Although having enough money to establish a trust on behalf of your children, spouse, or other heirs can be a worthy goal to strive for, many people in this situation find themselves worried that their hard-earned money may be quickly squandered if it falls into the hands of an irresponsible loved one.
In other cases, you may worry that providing unlimited access to funds will trigger an heir's gambling addiction, alcoholism, or drug addiction, ultimately causing more harm than leaving your heirs no money at all.
Fortunately, there is a specific type of trust, often called a "spendthrift trust," that can protect your heir's assets from creditors, divorcing spouses, and sudden splurge purchases. Read on to learn more about the operation of a spendthrift trust and how this estate planning tool may be the perfect solution for all your fears.
What Is a Spendthrift Trust?
Trusts, generally speaking, are estate-planning tools that rely on a trustee to periodically distribute payments to various beneficiaries.
Trusts have a number of advantages for both those who create them (settlors) and beneficiaries, including more favorable tax treatment under income tax laws, the avoidance of probate, and usually the ability to bypass any estate taxes that might otherwise apply.
However, because most trusts permit beneficiaries to request withdrawals at any time, trusts can often be a dangerous tool for those who are vulnerable to deception, who don’t manage money well, or who have an expensive addiction.
Many settlors may worry that the first person to gain access to the inheritance will squander the money the settlors intended to be passed down for generations. Spendthrift trusts solve this problem by assigning the decision to disburse payments to the trustee, not the beneficiary.
The trustee has the ability to refuse any requests for disbursement of trust funds if they feel that this request isn't in the beneficiary's best interest, and may also decide to use trust assets to purchase items for the beneficiary (like a vehicle) instead of just handing over cash.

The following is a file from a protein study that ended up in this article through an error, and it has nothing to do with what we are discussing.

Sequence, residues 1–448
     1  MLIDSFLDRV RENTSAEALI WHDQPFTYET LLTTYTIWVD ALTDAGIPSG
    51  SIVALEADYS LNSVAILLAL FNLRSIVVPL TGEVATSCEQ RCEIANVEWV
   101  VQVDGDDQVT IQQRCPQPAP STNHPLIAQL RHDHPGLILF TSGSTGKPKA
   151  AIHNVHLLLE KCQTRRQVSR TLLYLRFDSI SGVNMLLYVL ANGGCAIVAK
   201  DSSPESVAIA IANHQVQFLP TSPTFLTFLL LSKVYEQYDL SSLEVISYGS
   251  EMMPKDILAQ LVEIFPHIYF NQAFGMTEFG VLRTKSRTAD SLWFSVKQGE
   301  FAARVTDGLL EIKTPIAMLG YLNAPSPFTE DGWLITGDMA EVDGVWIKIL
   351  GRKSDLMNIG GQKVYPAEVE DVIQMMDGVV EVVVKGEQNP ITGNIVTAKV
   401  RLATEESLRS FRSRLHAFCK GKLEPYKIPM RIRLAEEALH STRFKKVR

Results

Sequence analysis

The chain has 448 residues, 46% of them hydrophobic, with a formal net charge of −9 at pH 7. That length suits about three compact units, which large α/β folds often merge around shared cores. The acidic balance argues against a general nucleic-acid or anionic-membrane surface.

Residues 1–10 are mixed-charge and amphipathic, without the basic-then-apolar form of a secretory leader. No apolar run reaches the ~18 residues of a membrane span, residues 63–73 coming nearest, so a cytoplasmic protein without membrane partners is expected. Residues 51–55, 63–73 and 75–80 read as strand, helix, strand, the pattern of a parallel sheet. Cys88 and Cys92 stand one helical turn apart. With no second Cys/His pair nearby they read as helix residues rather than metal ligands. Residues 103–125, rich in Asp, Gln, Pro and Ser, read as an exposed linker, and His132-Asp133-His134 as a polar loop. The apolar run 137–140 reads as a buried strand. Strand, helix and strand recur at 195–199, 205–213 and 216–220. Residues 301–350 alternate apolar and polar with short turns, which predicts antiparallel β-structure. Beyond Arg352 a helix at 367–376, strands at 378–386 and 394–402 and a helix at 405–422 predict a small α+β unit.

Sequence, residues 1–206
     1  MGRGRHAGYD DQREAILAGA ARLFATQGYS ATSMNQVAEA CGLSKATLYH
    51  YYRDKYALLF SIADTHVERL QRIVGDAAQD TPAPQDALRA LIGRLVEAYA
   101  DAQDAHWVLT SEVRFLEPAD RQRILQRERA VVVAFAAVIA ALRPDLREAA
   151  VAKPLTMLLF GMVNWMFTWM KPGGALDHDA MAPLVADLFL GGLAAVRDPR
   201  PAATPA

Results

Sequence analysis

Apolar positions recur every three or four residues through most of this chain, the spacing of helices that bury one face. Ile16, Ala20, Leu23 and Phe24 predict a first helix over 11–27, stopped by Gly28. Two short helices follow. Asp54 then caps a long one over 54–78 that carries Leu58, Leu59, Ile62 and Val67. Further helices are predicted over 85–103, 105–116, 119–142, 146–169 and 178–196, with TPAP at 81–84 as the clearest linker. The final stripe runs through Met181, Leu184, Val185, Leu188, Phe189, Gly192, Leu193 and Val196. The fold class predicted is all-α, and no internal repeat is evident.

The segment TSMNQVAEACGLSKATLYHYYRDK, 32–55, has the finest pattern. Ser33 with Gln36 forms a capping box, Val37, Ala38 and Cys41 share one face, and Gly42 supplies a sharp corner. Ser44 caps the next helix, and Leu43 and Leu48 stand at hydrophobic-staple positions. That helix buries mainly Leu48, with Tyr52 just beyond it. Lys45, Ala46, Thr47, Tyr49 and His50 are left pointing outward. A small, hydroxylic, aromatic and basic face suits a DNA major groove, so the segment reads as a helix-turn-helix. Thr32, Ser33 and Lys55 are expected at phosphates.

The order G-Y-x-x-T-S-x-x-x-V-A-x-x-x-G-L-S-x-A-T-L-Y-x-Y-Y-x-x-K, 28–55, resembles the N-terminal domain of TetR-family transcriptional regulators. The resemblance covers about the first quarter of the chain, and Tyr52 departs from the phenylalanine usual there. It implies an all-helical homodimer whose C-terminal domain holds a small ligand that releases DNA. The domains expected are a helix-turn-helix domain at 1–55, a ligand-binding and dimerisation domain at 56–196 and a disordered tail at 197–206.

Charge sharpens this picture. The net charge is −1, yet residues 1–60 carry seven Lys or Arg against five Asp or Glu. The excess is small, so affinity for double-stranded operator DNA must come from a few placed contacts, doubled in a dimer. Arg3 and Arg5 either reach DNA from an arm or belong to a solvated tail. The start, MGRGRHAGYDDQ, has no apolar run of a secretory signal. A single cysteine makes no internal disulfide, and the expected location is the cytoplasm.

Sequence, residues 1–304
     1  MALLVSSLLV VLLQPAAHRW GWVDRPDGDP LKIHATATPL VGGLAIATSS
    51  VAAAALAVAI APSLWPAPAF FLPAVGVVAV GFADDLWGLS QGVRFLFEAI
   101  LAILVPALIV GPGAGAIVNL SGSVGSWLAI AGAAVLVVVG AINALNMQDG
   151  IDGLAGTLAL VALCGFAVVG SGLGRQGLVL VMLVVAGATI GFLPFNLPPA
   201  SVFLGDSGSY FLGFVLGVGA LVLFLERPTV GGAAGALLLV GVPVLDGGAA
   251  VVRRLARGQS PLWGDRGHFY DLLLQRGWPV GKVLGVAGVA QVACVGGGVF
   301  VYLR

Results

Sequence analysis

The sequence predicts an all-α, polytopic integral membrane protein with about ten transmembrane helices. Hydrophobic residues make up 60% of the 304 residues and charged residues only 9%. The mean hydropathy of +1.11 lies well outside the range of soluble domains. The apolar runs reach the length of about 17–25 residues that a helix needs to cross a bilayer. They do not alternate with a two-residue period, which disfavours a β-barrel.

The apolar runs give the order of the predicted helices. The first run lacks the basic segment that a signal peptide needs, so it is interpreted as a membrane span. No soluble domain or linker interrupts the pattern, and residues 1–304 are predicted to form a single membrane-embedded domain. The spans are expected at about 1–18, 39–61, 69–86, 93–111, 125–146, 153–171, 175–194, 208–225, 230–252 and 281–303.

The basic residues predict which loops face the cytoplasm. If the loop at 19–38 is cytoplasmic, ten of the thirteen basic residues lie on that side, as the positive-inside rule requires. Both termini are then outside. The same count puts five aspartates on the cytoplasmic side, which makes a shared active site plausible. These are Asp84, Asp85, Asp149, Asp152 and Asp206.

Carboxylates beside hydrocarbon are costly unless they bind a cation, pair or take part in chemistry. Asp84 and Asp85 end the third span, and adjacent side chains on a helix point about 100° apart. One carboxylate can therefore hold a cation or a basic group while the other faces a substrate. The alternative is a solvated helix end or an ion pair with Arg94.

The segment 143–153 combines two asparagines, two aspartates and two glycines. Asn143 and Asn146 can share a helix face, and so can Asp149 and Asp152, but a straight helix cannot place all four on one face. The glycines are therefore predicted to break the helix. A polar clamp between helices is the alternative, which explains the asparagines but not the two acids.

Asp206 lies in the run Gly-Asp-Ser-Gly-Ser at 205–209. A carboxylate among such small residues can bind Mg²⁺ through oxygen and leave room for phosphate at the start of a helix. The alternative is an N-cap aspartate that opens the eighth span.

Because the beneficiary doesn't have the ability to request trust assets, this means that the trust principal can't be garnished by creditors (or the IRS) or considered a marital asset in a divorce.
These benefits make a spendthrift trust a valuable tool when you trust your loved one's ability to manage money but are concerned that they might become embroiled in a messy, high-stakes divorce in the future.
What Factors Should You Consider When Deciding to Establish a Spendthrift Trust?
The decision to create a spendthrift trust isn't a simple one.
Some of the things you'll want to consider when making this decision include: the amount you're hoping to use to fund the trust, your loved one's spending habits, your loved one's age, your loved one's debt, and your loved one's marital status and the perceived health of the marriage.
You'll also want to consider who you'd like to be the trustee. This trustee will have far more discretion than most, and administering a spendthrift trust can be a tough and sometimes full-time job.
You may decide to have a trusted family member or friend serve as trustee, with an attorney as a backup, or simply place this responsibility in the hands of a licensed attorney who can charge an hourly fee for trust administration services.
If you're considering the creation of a spendthrift trust, then it's important to seek the advice of an experienced attorney. Even seemingly simple trusts can become complicated, and a badly-written trust may generate years of expensive litigation. Getting these trust documents right the first time will always be money well spent.
Contact our team at Kisner Law Firm today to start drafting your trust or to learn more.